Meanwhile, Shephard allows the romance to emerge in “Blame” carefully and without provocative ulterior motives. She tells the story primarily from the student’s point of view, but does not ignore the teacher Jeremy’s thoughts and questions. The fact that she doesn’t exaggerate the scandal inherent in this love affair (instead of spreading throughout the entire school, the rumor only spreads within a small group, which consistently keeps it to themselves for the time being) and concentrates entirely on the people and emotions involved, ” Blame” seem pleasantly calm. At the same time, the script doesn’t really have anything new to add to the topic. Both characters are aware of the precarious circumstances of their budding love, try to hide their feelings for each other publicly and sooner or later have to think about how they will deal with the situation. This isn’t anything new, it’s the feud with the jealous Melissa that spices things up. The fact that it is not entirely clear at first why the two girls are now so hostile turns out to be a well-chosen detail in retrospect: Quinn Shephard does not just emphasize the arbitrariness and banality from which a perpetrator-victim relationship can arise. It also gives the whole thing an impact through its insightful finale, which shows that you should always look at the big picture. Ultimately, Abigail, Jeremy and Melissa are all just cogs in a big machine that influence each other if one of them stops working.
Jeremy (Chris Messina) is unsure how to handle the situation.
In the second half, the film jumps back and forth a little indecisively between the flirtation and Melissa’s plans to go public with her. Only gradually does a well-rounded profile emerge of the young woman, who initially appears simply bitter and anti-social, and “The Sinner” star Nadia Alexander completely immerses herself in her explosive embodiment. While her acting initially seems a bit one-dimensional and only concerned with looking as hateful as possible, she gradually captures the full range of her, above all, tragic character; A scene in a nightclub in which the pretty girl desperately begs for the attention of her male companion and finally even drops her clothes for it speaks volumes. Quinn Shephard plays her role of the reserved Abigail strongly and, through targeted looks and tiny facial movements, helps her achieve an almost unfathomable ambiguity. For a long time we don’t know whether she has actually fallen in love with her teacher or whether she is hatching a plan. Her character is aloof, which explains the lack of access to his classmates – but that’s exactly what makes him exciting and creates a harmonious chemistry in the constellation with the teacher, who is unsure about his feelings. Chris Messina (“Live By Night”) In “Blame” he doesn’t play a seductive dandy, but a completely normal man with needs that the script would have liked to have illuminated in a little more detail. And it is precisely this down-to-earth nature that makes him, quite understandably, an object of desire.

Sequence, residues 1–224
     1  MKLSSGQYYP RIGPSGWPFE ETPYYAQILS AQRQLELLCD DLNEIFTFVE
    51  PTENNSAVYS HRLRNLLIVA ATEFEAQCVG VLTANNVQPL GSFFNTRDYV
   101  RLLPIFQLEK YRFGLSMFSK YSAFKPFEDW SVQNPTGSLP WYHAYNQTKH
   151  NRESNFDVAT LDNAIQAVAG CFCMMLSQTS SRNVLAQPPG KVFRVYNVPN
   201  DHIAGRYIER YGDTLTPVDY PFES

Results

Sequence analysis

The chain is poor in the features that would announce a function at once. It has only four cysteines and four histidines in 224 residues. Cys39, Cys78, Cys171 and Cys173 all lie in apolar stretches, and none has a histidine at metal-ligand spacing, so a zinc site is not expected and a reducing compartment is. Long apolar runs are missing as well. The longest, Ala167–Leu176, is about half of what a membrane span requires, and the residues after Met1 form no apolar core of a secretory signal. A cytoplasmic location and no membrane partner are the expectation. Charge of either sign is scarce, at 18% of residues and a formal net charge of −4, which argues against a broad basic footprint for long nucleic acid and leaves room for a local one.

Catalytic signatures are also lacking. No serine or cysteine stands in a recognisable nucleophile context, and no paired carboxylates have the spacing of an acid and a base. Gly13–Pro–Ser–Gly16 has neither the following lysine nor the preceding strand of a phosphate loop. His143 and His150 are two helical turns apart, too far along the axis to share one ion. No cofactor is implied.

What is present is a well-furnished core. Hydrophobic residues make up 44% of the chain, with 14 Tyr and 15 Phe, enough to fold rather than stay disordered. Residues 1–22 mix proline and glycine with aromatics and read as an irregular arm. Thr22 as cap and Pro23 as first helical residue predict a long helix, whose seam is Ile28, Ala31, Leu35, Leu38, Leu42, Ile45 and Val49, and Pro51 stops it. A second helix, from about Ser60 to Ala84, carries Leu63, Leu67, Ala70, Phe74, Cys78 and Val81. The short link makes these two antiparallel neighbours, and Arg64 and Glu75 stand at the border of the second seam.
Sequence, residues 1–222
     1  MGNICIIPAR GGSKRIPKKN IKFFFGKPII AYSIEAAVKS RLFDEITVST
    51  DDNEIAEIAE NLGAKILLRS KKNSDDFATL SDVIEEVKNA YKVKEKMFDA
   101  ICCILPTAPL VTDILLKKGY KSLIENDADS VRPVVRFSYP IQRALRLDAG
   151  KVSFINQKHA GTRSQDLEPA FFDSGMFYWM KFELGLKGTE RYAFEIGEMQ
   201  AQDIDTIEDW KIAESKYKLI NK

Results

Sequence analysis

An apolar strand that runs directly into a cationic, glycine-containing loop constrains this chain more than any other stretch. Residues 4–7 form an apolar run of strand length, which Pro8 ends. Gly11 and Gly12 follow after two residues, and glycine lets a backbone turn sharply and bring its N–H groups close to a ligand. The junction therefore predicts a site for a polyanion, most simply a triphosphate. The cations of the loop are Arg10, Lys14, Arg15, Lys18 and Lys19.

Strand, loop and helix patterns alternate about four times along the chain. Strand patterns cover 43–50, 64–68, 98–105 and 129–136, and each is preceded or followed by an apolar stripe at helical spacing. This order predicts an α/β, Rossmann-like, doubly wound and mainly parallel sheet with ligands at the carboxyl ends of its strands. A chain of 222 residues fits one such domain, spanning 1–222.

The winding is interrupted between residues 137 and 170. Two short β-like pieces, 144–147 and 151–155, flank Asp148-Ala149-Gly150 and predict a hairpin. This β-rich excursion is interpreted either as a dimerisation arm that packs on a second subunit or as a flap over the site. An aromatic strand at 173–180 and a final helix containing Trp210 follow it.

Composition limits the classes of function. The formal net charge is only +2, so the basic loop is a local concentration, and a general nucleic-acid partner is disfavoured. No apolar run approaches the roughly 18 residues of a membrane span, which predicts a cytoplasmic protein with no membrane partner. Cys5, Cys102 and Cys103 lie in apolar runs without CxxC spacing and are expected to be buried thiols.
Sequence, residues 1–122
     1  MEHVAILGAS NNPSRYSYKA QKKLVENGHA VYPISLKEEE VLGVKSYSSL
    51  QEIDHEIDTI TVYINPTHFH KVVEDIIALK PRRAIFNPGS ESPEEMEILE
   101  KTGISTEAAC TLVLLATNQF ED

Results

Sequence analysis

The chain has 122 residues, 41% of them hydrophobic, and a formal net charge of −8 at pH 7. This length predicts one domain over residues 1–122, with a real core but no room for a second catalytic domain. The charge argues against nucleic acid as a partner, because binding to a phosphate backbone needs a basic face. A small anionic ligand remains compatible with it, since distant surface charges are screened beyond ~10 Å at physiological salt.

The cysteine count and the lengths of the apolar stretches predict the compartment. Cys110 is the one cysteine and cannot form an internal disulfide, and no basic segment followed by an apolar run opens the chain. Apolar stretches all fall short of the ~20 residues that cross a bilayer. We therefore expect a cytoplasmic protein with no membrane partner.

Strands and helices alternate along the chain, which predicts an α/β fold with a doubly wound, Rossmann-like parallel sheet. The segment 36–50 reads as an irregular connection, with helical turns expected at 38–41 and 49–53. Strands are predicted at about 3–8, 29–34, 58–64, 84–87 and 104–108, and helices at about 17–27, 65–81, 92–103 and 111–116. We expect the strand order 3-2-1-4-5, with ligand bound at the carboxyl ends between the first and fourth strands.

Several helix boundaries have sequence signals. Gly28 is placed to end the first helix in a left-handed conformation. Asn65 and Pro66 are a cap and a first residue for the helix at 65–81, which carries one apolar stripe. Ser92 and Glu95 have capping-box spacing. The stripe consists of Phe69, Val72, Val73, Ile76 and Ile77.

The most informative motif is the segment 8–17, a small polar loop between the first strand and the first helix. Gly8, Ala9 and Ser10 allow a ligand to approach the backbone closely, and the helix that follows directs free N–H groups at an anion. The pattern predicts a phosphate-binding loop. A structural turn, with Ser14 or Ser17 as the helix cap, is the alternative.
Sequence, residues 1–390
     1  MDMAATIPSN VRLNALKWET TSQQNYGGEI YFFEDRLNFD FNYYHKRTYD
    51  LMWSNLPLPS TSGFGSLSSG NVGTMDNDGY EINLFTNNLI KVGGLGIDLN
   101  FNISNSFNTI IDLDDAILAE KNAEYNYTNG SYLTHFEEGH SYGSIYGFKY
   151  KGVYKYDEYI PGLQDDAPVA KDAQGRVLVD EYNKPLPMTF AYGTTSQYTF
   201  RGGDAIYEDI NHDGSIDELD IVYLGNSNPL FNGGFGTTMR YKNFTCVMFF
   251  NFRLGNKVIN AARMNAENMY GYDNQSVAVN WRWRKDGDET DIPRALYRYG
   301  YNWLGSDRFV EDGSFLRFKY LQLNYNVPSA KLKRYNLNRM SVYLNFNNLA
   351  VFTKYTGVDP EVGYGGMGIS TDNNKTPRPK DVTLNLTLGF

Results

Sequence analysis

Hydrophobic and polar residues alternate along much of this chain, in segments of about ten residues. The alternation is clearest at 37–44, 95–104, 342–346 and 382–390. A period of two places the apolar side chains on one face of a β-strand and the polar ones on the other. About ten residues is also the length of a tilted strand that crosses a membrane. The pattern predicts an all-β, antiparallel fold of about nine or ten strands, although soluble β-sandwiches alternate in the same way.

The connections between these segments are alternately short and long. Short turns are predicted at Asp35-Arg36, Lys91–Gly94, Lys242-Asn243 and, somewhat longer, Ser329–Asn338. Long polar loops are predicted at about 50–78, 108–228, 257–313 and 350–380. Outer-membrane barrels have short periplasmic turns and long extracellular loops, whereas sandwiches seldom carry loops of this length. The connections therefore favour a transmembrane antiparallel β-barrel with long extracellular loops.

Conclusion: For her feature film debut “Blame – Forbidden Desire”, Quinn Shephard takes no risks and stages a neat-looking and calmly told school drama, which she adds the exciting component of student-teacher love.
“Blame – Forbidden Desire” can be seen in selected USA cinemas from October 18th.